Two nights ago, Wendy had a fever. We had just opened a bottle of wine and I had made a nice dinner. We had weekend guests. The fever, the phone calls, the worry, the not-drinking of the wine, the not-enjoying of the dinner. The continuing worry overnight, sleeplessness, wondering if we had made the right decision to wait until the morning to get labs. Then the next morning, where I didn’t make breakfast for our guests but offered cereal or yogurt. Then there were more phone calls, more appointments, prescriptions to fill, follow-ups to be made.
Thank God it was nothing major, and did not require a hospitalization. But the day was basically shot, Wendy was shot, I was shot.
We weren’t much fun.
Don’t get me wrong, we all know that parenting has a lot of moments that aren’t much fun. There’s a responsibility to keep the kids fed, clothed, and safe. There is a lot of slogging: carpools and dirty dishes and laundry. But being the parent of a chronically ill kid has all of that PLUS the additional medical stuff. Daily medications. Drinking requirements. Blood sugar checks and insulin pump changes. Doctors’ appointments and conversations with the school nurse. Refills of prescriptions, paying out-of-pockets for items not covered, but still needed for life.
That’s not including the days where normal life goes off the rails, and you have a sick kid who is heading to the hospital for tests.
It’s a lot to keep track of, it’s not that much fun, and it’s made me look and feel older than I actually am. I’m told stress will do that.
So it is nice when I’m reminded of a time when I was actually a good time to be around, when I had few responsibilities and a healthy sense of adventure. There is no better way to remember that than when I’m with friends who knew me BEFORE I had kids. Now, Michael and I had kids on the early side, Wendy was born when I was 28, so I’m talking about people who knew me in my early twenties.
I recently was reminded of a story by my friend Sarah,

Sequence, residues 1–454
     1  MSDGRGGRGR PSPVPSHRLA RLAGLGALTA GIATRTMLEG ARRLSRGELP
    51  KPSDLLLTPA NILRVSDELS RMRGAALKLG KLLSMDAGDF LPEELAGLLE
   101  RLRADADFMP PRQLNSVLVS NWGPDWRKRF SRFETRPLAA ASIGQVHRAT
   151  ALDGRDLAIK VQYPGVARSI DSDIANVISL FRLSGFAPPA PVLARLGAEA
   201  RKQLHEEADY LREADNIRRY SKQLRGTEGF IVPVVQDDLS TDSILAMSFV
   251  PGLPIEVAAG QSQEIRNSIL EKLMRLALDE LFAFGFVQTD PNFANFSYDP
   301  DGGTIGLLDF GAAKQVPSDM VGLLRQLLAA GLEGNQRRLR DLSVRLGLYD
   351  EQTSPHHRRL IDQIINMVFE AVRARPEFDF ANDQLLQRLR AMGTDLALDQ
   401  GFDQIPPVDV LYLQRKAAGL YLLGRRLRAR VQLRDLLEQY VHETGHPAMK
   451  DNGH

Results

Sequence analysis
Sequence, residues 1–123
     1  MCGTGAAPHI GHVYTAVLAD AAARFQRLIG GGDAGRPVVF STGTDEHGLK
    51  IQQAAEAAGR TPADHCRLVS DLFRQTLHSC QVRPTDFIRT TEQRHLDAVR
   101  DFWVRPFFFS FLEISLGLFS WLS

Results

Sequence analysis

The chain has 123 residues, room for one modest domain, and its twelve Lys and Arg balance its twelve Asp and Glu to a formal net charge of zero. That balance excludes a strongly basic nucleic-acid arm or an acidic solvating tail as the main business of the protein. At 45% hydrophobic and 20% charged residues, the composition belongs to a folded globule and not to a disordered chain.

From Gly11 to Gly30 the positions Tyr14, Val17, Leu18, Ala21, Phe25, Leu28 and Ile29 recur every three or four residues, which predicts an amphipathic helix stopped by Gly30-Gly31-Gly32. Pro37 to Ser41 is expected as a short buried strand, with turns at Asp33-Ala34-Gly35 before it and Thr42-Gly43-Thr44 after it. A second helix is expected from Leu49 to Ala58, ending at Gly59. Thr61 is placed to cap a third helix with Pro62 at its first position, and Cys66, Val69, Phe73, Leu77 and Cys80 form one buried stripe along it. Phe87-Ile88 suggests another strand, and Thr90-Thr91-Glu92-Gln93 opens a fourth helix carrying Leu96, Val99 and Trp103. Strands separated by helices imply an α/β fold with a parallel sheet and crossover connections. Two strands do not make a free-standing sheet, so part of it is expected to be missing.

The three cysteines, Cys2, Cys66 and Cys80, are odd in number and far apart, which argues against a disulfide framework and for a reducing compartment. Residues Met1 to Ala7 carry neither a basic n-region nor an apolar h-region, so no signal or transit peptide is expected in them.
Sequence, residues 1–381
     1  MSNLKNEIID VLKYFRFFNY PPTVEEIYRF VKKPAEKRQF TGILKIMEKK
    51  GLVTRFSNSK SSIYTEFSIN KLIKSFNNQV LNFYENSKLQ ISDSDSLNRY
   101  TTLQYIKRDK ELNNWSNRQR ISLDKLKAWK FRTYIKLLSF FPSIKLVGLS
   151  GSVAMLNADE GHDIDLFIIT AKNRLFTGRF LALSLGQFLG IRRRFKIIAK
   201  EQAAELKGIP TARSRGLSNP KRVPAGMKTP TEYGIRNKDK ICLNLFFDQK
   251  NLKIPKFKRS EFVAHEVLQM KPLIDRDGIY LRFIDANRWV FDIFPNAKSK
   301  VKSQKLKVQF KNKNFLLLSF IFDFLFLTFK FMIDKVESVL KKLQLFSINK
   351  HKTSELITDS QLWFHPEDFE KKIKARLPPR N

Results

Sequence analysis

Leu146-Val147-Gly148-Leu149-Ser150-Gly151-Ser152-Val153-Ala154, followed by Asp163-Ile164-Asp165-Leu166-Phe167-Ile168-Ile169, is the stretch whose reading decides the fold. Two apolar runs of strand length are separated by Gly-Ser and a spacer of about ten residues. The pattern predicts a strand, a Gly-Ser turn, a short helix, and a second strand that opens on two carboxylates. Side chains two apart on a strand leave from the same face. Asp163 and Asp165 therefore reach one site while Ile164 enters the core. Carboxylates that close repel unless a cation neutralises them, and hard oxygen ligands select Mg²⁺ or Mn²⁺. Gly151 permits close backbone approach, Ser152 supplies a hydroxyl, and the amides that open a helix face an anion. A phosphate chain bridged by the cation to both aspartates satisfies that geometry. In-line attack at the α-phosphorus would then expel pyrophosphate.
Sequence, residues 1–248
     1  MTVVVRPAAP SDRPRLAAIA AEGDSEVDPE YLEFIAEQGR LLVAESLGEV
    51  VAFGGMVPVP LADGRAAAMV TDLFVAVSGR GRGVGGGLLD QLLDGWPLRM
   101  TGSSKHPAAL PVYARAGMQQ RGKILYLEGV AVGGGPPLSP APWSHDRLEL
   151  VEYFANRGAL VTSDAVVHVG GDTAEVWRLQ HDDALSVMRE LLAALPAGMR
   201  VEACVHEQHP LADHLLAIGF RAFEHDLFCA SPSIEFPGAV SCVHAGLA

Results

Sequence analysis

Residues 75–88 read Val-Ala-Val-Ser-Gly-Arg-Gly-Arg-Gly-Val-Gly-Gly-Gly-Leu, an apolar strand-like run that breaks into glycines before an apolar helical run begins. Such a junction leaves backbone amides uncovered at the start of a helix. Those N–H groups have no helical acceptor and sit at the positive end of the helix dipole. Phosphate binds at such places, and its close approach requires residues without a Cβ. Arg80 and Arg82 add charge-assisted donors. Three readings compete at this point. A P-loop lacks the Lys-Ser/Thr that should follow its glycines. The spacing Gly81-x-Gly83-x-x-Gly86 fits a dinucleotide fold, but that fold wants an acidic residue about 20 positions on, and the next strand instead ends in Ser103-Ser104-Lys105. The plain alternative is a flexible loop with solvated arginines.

“Remember when we hung 300 condoms outside the College Union Building to protest the condom policy [during the height of the AIDS crisis]?”
Oh my God. I really had done that. Me, the woman who carries around a mobile medical lab in my purse. I had hung all those condoms in protest. We got called into the Dean’s office over that. Later that same Dean offered me a job.
Or my friend Hutch, who reminded me of the time I convinced him that he and I wouldn’t need money to go to the bar one night in my senior year, because we were cute enough to have people buy us drinks. It turned out, I was right.
Again, me? The woman who stops at one drink most times or a wild night of two drinks so she can accurately tabulate blood sugars? That was me? I did that?
Thank you, friends, who remind me of what I was like before I had a sick kid, who show me what my inner core is, who I really am, or was.
Here’s the thing. I probably won’t do those things again. It’s just nice to be reminded that I did do them. And the common thread between the stories from my friends is that I was more spontaneous and less afraid. The fear is hard to minimize: parenthood makes cowards of us all.
But I am going to try to be more spontaneous in the future. That’s something I can give myself back in the New Year. I think that I would really like that to be a New Year’s Resolution: Say yes more, be more spontaneous, worry less, plan less.
At the very least, my kids will have really great stories about me, and that alone would be worth it.